It feels like I’ve been going nonstop since I moved in October. (Or PCSed, which is the military acronym for Permanent Change of Station). In Juxtaposition, I wrote that my previous Base was like a college campus. Almost everyone was single – even the married people, since that Base didn’t allow dependents, and the normal posting was for 12 months. I only saw kids a few times, though the Library offered a Children’s Program each week, and they were right across the parking lot from my office.
My new Base is more like a small town. Part of that is due to the topography. The old Base was flat and tended to flood every time it rained – like Florida. Here, it’s hilly like Missouri. When I walk to the post office here, I exit the building, walk up steps to the road, walk across the road and then cross a parking lot and go up more steps, where I cross the parking lot to the post office. At the previous Base, I just walked on a flat sidewalk past the Credit Union to pick up my mail.
If I continue my walk from the post office over to the Commissary, I have to go up steps to the road, cross the road, go up more steps, cross a parking lot, then go down steps, and cross the parking lot to enter the Commissary. The PX is up a hill and across another road. All this compartmentalizing of services based upon the topography help make it feel more like a town. Additionally, families are posted here longer than 12 months, so even though people live off Base, I see spouses with kids frequently.
Although I have what is essentially the same job here, I am now in a one-person office instead of the two-person office where I was before. This means I get to do everything myself! The former Field Rep was a guy who had been here several years. I spent the first week cleaning. And evicted the centipede who emerged while I was sweeping behind furniture. I’m pretty sure it didn’t have a family….
Another thing I had to get rid of, I learned, were frogs. It seems that with the former Field Rep leaving, and various people subbing to run the office during the hiring process, nobody took responsibility for disposing of the frogs from Biology 101 at the end of the class last Summer. So, as the new Field Rep, I inherited a plastic bin of dissected frog corpses, which was sitting in an unofficial storage area, that was not climate controlled.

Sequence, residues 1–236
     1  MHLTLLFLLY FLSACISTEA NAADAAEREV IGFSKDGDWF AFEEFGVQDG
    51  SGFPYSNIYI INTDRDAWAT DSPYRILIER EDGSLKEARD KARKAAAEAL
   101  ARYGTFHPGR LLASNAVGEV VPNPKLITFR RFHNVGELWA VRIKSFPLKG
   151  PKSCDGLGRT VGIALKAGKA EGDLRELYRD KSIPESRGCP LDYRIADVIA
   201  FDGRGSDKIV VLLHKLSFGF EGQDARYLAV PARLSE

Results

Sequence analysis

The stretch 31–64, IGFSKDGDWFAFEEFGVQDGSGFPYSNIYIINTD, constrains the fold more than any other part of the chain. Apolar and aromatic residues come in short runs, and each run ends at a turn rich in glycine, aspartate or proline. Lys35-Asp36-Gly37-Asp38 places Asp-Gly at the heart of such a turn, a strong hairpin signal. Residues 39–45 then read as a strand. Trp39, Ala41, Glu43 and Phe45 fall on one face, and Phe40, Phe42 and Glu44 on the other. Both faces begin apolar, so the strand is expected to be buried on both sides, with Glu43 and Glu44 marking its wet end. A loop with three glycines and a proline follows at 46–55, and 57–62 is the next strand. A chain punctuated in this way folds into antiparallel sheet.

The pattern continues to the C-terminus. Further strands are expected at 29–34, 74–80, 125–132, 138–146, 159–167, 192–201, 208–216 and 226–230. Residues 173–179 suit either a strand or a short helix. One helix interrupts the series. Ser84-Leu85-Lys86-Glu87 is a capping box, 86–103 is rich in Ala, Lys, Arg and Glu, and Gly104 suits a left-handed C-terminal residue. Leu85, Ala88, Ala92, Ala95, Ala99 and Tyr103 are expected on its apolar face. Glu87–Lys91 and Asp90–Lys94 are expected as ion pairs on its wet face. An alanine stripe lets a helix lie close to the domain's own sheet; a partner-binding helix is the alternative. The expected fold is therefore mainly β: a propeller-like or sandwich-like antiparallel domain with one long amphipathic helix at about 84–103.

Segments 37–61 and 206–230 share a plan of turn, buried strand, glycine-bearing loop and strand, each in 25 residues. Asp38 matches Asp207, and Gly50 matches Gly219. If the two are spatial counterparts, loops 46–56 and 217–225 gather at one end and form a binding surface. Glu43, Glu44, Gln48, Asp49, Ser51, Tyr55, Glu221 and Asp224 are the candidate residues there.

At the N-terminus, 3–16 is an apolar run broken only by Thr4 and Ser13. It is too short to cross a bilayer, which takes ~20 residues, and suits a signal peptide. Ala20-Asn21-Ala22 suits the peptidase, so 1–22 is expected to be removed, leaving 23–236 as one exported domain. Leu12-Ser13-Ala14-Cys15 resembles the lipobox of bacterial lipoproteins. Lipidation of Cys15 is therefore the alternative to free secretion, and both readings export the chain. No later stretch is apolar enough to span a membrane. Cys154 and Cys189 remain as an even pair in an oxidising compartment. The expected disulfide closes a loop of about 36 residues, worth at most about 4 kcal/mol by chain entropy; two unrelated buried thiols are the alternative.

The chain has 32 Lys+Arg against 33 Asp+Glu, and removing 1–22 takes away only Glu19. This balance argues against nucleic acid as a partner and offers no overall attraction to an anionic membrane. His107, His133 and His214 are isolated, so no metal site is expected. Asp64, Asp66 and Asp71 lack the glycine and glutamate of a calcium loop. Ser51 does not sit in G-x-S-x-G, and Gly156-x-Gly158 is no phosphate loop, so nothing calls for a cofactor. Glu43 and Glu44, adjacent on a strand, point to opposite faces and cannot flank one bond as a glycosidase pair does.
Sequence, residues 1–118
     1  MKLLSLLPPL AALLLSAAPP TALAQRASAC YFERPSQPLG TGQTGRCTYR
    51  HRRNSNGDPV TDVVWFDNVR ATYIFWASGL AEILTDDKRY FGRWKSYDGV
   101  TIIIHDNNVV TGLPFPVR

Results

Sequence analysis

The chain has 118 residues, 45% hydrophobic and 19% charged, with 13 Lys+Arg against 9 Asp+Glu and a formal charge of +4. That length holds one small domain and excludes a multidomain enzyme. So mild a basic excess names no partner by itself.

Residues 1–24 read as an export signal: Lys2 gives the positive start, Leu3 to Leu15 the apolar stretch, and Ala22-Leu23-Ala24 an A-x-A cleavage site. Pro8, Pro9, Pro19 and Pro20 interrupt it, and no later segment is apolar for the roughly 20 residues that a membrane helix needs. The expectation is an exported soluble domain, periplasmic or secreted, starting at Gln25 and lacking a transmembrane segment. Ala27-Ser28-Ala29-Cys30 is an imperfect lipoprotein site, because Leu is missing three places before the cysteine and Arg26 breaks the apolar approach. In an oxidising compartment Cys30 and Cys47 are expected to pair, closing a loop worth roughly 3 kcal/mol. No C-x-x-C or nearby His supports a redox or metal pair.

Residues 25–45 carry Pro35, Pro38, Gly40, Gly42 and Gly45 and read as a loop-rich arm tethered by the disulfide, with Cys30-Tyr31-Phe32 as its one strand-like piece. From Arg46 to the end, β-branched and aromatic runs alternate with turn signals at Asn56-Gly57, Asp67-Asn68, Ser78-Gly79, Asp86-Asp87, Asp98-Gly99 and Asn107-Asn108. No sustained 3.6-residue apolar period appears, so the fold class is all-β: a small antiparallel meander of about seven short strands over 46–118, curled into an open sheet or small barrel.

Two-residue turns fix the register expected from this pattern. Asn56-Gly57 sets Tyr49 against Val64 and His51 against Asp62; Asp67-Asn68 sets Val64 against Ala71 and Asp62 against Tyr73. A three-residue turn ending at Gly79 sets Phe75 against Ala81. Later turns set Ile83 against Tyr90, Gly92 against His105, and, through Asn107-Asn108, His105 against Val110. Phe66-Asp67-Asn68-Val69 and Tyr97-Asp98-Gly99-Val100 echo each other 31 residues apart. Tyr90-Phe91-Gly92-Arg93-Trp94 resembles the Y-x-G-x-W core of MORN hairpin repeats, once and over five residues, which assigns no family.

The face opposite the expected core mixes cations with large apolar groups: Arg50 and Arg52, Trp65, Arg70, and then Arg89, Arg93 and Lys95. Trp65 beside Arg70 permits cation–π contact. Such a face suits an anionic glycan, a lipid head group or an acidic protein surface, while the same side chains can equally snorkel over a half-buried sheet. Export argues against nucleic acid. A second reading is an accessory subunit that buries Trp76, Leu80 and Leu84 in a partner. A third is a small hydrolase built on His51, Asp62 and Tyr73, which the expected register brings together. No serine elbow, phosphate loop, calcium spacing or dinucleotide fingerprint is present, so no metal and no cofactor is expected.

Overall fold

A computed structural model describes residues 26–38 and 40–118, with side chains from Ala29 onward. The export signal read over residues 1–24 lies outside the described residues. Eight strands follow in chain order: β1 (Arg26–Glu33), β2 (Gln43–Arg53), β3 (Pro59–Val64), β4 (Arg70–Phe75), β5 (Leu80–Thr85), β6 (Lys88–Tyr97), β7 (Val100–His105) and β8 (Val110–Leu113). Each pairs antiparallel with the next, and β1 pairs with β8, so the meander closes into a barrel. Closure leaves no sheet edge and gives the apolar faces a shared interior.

I was told that I needed to contact HazMat. It took awhile to track down the number, but I finally managed to call them a few weeks later, only to be told that they deal with chemicals – not dead dissected frog corpses.
They suggested I contact Medical Waste.
That took another week to track down and get a response. The guy said he’d come over and pick it up. He showed up the next morning wearing work gloves and carrying a small plastic trash bag. I walked him outside to where the frogs were stored. It was obvious the plastic storage bin wouldn’t fit in his little trash bag that was about the size of a grocery bag. He apparently had thought that I just happened to have a frog that had died and didn’t want to touch it.
He said that he couldn’t take the frogs.
He suggested that I call the Trash Company.
He very kindly called me when he got back to his office, and gave me the number.
I called and left a message. I got a call back the next morning and explained the situation. He agreed to come right over.
When he arrived, I took him outside to the frogs and he looked at me and, pointing, asked why I didn’t just throw them in the dumpster across the street. I told him that it’s an Army Base and I’m not supposed to do that. Besides, how would I lift the box up to throw it in the dumpster??
Sighing, he pulled on his work gloves and picked up the box-o-frogs and holding it with extended arms, carried it over to his car.
I thanked him profusely, and reminded him that I had one more item to dispose of: an unused fetal pig.